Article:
LONDON – These are hardly times for a fanfare, but this month saw the unveiling of a new name in bioprocessing, following the formal closing of the $21.4 billion sale of GE Healthcare’s Life Sciences to Danaher Corp.
The business, now renamed Cytiva, has turnover of $3.3 billion, nearly 7,000 employees and operations in 40 countries. More than 75% of FDA-approved biologic drugs use its products in their manufacture.
It may look like leaving the embrace of one sprawling industrial conglomerate to fall into the arms of another, but the president of Cytiva, Emmanuel Ligner, said the business will operate at arm’s length from Danaher’s other companies.
“We are creating a standalone operating company, under the ownership of Danaher,” said Ligner. “It is a different size and scale, with more focus around life sciences and diagnostics,” he told BioWorld.
Cytiva was the name of a human heart cell line GE Healthcare sold for use in toxicology studies. It was seen as apt because it combines the first three letters of cyto – Greek for cell – and – iva, a Latin suffix that translates as “capable of.”
“We were looking for a name that was reflective of what we do,” Ligner said.
New stablemates at Danaher include lab equipment supplier Beckman Coulter, nucleic acid manufacturer Integrate DNA Technologies, Leica Microsystems, manufacturer of scientific instruments, and the filtration, separation and purification specialist Pall Corp.
While the acquisition means Danaher now has an end-to-bioprocessing offering, synergies with others of the group’s businesses are not part of the story. “We are excited to work with companies in the same industry, and will cooperate to serve customers we have in common,” said Ligner.
GE Healthcare retained the radiopharmaceuticals unit. The sale of the rest of Life Sciences leaves the Chicago-based med tech with a $16.6 billion turnover business.
For GE as a whole, the sale is a “critical milestone” in the company’s corporate turnaround, said Lawrence Culp, CEO, when the deal completed at the start of the month. The net cash proceeds of $20 billion are certainly much needed to reduce the debt GE has accumulated over many years of costly acquisitions, with net debt standing at 4.2 times earnings at the start of 2020.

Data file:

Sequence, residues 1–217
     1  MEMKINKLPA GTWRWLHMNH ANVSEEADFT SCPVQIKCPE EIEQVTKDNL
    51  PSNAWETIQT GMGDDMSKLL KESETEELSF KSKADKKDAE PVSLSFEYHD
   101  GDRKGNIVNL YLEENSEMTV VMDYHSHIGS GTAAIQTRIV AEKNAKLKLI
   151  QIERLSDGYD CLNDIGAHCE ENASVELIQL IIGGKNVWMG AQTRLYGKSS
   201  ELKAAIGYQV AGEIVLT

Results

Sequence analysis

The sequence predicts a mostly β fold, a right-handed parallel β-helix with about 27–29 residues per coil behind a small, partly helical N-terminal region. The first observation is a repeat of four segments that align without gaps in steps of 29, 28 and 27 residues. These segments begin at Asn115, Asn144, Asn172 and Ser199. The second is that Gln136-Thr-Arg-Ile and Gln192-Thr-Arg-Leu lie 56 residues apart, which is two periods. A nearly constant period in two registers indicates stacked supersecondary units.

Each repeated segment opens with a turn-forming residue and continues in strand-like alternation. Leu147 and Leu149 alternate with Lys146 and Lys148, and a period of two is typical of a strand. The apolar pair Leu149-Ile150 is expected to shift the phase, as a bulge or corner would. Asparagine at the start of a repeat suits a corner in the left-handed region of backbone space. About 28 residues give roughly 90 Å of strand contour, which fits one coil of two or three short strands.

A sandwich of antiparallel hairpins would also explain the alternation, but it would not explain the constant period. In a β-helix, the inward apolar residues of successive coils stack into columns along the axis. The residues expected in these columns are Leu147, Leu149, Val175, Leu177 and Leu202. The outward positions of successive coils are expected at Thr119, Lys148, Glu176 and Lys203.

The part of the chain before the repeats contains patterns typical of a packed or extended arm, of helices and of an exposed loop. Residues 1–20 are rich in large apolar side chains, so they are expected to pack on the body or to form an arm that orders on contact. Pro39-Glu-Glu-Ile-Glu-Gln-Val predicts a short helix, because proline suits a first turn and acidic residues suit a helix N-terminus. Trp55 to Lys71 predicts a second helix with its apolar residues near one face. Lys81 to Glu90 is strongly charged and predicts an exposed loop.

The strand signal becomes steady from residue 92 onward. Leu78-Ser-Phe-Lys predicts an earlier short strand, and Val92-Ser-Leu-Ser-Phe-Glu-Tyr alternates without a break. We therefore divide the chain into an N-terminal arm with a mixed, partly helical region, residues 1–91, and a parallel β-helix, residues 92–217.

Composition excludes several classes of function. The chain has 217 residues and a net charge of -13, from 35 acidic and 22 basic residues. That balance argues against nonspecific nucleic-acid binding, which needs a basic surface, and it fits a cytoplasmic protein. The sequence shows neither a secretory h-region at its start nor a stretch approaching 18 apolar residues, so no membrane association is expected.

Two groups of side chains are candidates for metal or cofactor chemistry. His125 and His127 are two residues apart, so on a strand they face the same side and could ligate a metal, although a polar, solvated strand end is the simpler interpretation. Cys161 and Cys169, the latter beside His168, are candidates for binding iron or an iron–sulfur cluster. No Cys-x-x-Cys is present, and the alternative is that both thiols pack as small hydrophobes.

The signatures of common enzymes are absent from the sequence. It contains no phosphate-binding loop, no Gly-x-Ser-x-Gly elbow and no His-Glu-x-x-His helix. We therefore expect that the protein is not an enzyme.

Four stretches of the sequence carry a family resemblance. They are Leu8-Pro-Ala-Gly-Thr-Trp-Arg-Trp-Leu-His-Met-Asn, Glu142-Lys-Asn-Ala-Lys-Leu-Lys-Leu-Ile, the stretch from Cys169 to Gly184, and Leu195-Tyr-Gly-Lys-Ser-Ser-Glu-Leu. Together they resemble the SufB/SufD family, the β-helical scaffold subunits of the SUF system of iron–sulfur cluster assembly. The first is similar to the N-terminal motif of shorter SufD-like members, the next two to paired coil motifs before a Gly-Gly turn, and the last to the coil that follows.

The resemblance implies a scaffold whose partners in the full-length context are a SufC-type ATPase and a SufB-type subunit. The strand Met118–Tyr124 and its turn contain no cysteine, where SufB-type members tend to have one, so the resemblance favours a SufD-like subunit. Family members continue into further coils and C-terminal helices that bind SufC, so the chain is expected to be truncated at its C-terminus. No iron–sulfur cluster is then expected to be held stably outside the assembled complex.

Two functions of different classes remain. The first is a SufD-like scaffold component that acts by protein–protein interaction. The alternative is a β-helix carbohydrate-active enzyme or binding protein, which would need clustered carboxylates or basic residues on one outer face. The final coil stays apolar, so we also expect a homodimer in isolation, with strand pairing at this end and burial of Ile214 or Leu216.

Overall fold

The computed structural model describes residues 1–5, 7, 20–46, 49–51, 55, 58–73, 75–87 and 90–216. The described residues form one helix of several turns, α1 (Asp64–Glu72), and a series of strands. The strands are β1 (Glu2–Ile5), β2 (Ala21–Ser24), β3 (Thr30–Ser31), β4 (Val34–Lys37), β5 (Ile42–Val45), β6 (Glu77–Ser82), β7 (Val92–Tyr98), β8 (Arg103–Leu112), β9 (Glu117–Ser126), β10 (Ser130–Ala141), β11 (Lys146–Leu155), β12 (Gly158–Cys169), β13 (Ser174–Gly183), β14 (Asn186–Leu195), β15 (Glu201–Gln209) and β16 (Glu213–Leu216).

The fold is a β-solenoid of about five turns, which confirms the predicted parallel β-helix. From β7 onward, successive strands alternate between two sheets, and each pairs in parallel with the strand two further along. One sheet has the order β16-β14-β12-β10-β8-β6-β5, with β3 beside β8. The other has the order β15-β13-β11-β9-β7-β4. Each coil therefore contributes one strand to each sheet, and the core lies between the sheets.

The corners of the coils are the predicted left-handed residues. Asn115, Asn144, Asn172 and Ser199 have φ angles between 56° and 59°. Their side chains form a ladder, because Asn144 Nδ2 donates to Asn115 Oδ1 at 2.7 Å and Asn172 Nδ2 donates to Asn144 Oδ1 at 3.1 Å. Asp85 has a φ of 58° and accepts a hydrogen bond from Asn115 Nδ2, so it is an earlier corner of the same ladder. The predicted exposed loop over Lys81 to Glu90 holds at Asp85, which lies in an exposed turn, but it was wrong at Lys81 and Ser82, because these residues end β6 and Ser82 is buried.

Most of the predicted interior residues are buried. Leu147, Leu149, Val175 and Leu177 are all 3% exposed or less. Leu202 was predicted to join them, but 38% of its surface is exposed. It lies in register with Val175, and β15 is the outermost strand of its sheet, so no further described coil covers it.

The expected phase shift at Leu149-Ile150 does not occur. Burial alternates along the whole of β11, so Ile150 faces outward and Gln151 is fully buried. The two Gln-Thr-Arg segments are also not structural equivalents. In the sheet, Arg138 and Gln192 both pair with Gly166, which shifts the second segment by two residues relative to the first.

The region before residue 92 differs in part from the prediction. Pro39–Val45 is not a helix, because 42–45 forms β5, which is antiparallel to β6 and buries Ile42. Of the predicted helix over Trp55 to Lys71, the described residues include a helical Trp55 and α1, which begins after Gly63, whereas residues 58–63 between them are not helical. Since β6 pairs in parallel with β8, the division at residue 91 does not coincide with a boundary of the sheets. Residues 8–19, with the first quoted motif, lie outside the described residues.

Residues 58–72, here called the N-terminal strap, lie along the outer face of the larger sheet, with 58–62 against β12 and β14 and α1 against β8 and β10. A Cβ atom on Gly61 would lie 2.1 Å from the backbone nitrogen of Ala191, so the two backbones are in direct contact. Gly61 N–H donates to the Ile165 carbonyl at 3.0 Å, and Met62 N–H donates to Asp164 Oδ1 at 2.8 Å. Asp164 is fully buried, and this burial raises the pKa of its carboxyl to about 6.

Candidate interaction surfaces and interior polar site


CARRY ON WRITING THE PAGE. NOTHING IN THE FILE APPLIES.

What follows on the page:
A former CEO of Danaher, Culp was brought in to rescue GE’s fortunes in late 2018. Alongside selling off assets, he set about streamlining the business through the application of Kaizen, the Japanese management philosophy of continuously improving processes. Culp also applied Kaizen at Danaher, where it is acknowledged to have improved the performance of the group’s companies.
Having picked up on Kaizen principles under Culp’s management at GE, Ligner said he is looking forward to continuing to apply them at Cytiva.
“Lean manufacturing was already a part of the GE culture, so there is a common culture and there will be continuity,” said Ligner. “It is something we think about constantly, about how to do better, and help customers go faster with process development.”
Ligner has been president of Cytiva since July 2017, after joining GE Healthcare in April 2008 when it acquired laboratory filtration specialist Whatman Group plc, where he was vice president of sales and marketing. Ligner is based in Amersham, U.K., but he said Cytiva will not have an official headquarters.
What the future holds
Process development and products and services for manufacturing monoclonal antibodies and recombinant protein drugs will continue to be the mainstay of Cytiva’s business.
However, Ligner said there will be a push to develop cell and gene therapy capabilities, a sector where GE Healthcare has made significant investments, and which Cytiva will continue to pursue.
“Gene and cell therapy is an area where we keenly invested over the last five years,” said Ligner. “It is fast growing and we are keen to contribute.”